Maybe you've broken your ankle, your leg or your foot, ruptured a tendon or had surgery, either way you're stuck in a leg cast. This is not fun. I promise.
Last week, I had surgery to repair my EHL tendon that ruptured after my iMac attacked me. The EHL tendon (aka the extensor hallucis longus tendon) controls the big toe and this apparently is a big deal problem that needed big deal fixing. So here I am stuck in bed and on the couch with my leg all plastered up.
I had a little warning that I'd be having this surgery and that I could expect the be in a cast for 4 months, so like any good procrastinator I spent hours trawling Dr Google for advice on how to take care of myself and what to expect. The one area that was really lacking in information was what to wear. As semi fashion conscious as I am, I knew my one pair of denim shorts that I'd worn everyday this summer just wouldn't work. I needed help and options. I even tweeted @Refinery29 hoping they could do a post, but they ignored me. So a week in, I've learned a few things and thought I'd write the post Refinery29 didn't want to.
1. Stay comfy, stay in bed.
Most of the time you will be laying down, not even sitting down. So get comfy. Way comfy. If no one is coming over or you're not going anywhere then eff fashion. Wear your undies and a t-shirt and be done with it.
2. Dress over your head.
If you do venture out or someone is coming to visit and you don't want to show them your underwear you will have to put some freakin clothes on. Dressing over your head is the easiest way to do this. What does that mean? Choose clothes that you 'pull on' rather than clothes you 'step into'.
When you're in a leg cast you need to quickly accept the fact that you have only one leg and less than 2 arms to work with. When you stand you are not balanced and your arms will be preoccupied by the crutches - you won't be able to 'step into' anything. Even sitting on the bed and pulling up a skirt won't work because when you stand - ahh no arms to finish pulling it up! See? So unless you have someone helping you dress everyday aim for 'pull on'*. Elastic waistbands on skirts are your new bff. So are dresses with elastic waists and no zips.
3. Carry your own stuff (or why pockets rule the world).
I've always been a big fan of dresses with pockets. They're just so practical and if they're cut well they don't add any fabric bulk. Now that I am on crutches I am an even bigger fan because you cannot carry a damn thing with crutches. Ok I fib, I can sort of carry my phone if I have to, but it just slows down the trip and kind of cramps my fingers. So if you're clothes shopping pre-cast keep an eye out for pockets.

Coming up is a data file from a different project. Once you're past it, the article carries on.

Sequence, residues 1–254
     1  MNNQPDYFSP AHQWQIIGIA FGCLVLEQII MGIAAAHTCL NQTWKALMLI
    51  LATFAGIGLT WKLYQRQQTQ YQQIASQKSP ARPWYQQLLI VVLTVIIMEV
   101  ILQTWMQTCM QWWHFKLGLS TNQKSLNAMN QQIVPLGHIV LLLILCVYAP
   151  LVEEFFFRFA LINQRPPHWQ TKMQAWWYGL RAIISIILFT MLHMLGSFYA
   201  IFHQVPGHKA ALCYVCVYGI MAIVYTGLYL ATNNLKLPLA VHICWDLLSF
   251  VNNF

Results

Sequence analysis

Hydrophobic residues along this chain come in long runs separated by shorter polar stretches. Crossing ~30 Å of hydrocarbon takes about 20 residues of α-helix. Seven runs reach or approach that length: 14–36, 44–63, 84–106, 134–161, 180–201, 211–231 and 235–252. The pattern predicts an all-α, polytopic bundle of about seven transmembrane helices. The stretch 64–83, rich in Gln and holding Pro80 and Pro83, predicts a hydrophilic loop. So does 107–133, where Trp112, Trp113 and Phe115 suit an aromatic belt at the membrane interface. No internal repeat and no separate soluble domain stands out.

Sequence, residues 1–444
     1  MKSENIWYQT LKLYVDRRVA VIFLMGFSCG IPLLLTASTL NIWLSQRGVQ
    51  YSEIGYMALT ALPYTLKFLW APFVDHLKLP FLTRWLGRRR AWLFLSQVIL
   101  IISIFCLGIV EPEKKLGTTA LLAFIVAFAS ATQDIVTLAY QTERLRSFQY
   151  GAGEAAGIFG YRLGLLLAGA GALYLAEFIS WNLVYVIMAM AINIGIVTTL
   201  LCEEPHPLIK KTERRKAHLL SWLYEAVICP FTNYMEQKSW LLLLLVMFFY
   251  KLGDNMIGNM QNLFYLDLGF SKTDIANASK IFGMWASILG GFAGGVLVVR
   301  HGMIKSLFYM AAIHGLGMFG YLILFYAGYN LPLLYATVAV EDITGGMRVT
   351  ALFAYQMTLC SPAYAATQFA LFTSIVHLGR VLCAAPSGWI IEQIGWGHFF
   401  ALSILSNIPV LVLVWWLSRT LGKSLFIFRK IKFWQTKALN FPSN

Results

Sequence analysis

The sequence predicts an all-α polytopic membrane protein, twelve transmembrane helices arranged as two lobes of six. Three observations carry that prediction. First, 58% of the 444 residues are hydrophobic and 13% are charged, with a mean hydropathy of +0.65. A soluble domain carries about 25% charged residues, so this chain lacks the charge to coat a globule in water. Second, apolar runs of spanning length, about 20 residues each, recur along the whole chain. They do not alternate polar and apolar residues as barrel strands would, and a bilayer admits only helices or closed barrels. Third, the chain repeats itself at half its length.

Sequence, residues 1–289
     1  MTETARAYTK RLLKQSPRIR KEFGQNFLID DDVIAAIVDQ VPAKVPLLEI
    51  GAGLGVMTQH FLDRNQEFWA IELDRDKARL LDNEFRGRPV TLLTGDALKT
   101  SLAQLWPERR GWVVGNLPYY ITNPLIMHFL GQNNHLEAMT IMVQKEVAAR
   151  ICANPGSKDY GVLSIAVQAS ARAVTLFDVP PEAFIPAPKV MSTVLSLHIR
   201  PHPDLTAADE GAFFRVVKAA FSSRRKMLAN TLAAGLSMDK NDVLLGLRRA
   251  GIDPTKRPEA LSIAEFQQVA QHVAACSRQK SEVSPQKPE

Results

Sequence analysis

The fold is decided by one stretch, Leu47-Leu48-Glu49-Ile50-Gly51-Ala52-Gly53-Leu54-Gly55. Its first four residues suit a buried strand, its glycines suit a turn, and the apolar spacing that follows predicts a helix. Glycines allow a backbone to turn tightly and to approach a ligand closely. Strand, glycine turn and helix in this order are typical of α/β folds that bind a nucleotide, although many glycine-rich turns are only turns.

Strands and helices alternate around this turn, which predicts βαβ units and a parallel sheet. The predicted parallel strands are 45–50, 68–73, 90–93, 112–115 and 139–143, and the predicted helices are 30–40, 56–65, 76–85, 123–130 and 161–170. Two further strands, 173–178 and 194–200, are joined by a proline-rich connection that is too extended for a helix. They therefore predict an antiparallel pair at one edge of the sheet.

(If you don't have pockets, make use of your bra. The only thing I take with me from the bed to the couch is my phone. It travels next to my left breast. TMI?)
Steps 4-7 after the jump.
4. Not too short not too long not too baggy not to tight.
Dressing with a leg cast, like all fashionable dressing is about balance. Firstly, when you walk in crutches your shirt or dress with get hiked up under your arms fairly quickly. If your dress is on the shorter side of short you'll be revealing your bum cheeks after just a few steps. If you were to wear a maxi dress on the other hand you clearly have a death wish - one trip of a crutch on the hem and you'll be back in hospital in no time.
It's a similar story for tight vs baggy. If a dress/shirt/jacket is too baggy then you'll get all caught up in the crutches, it it's too tight you'll be trying to pull it down all day without the use of your arms. Fail.
5. I heart sleeves forever.
It's a week after my surgery and I have bruises under my arms. I spent two days in hospital in bed, then came home and have left the house once since then. I go nowhere except from the couch to the bed to the bathroom. I have bruises. Crutches are bitches. All I can say is get yourself some padding and get yourself some sleeves. Protect your pits, people.
Madewell - First Frost Cardigan | Thakoon Addition - Pocket Pullover | Levi's Made & Crafted - Chunky Knit Cardigan
6. Why shorts don't work in the beginning.
You're gonna want to wear shorts, I know it. They're comfy, especially if they're baggy enough to get on. And before you know it you will be disagreeing with everything I said in Point 2. You'll pull on your shorts one day and say to yourself "That stranger from the internet knows nothing! ah ha! Look at me and my awesome wearing of shorts" and then at the end of the day you will try to take them off and you will realise that I am right and you will mutter "Bitch" under your breath. Why? Because getting shorts on is not the problem.
When an able bodied two legged person takes their baggy shorts off they unbutton them and let them fall to the floor. Then they 'step out of them' or 'shake their ankle' to free their foot. You can't do either of these things. Even if you sit on the end of the bed and reach to peel of the short from your bulky plastered foot - you can't. Reaching to touch my toes is the most painful thing I could do in the first week. Slowly I can see that in a few weeks it won't hurt so bad but for now I want to limit my leg movement as much as possible.
You just had surgery or suffered a major injury, this is the time for you to rest. Stay in bed with your leg up as much as possible so your body can heal itself. Nothing is worth re-injuring your leg for. I wish you well.
Both photos of Marilyn Monroe by John Vachon from the book Marilyn, August 1953: The Lost LOOK Photos available here.
*If you do have someone helping you dress you are wildly lucky. But I presume this is the same person who is fetching your food, bringing you more pillows, charging your phone. So give them a break ok. You can do this one thing for yourself.